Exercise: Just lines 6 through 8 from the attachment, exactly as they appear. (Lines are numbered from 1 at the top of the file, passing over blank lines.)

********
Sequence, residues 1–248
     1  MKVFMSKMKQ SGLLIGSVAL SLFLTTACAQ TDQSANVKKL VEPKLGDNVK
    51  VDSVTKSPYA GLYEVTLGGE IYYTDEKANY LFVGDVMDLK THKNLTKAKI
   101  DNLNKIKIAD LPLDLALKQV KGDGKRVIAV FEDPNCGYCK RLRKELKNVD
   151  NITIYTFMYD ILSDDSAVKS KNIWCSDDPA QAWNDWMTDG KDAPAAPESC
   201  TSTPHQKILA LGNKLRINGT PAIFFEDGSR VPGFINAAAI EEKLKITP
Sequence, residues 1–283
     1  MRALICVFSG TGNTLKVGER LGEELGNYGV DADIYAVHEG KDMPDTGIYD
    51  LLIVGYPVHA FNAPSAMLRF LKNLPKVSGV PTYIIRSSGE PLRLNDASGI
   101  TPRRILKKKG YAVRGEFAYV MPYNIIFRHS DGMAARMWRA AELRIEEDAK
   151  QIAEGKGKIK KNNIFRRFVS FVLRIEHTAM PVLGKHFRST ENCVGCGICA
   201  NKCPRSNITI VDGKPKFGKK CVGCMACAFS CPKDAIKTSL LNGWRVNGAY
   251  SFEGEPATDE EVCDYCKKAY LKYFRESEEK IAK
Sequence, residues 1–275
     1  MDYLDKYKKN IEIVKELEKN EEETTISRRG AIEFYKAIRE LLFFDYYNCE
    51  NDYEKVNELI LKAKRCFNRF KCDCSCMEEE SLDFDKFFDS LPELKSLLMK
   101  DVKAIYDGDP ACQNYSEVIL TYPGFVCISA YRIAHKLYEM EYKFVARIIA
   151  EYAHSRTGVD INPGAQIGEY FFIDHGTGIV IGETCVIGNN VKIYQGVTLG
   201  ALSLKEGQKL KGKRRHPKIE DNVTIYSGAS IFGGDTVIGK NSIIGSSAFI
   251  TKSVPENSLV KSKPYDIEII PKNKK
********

   201  TSTPHQKILA LGNKLRINGT PAIFFEDGSR VPGFINAAAI EEKLKITP
Sequence, residues 1–283
     1  MRALICVFSG TGNTLKVGER LGEELGNYGV DADIYAVHEG KDMPDTGIYD